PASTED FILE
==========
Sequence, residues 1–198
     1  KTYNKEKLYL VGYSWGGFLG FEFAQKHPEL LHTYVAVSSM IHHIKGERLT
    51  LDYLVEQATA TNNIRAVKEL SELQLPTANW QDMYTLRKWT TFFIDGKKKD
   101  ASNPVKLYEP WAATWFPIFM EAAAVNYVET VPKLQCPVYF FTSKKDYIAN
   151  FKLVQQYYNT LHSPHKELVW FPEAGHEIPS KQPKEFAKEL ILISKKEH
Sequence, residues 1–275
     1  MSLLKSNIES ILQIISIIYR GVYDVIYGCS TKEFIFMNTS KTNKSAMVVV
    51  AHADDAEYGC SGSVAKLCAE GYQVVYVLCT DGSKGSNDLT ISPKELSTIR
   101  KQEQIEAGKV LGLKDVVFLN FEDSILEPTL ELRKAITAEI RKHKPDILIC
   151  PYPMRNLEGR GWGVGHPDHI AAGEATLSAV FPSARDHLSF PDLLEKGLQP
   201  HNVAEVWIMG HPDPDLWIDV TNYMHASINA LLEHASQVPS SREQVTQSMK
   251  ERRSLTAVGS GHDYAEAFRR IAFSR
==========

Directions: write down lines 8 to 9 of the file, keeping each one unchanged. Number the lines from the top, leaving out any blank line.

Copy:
    51  AHADDAEYGC SGSVAKLCAE GYQVVYVLCT DGSKGSNDLT ISPKELSTIR
   101  KQEQIEAGKV LGLKDVVFLN FEDSILEPTL ELRKAITAEI RKHKPDILIC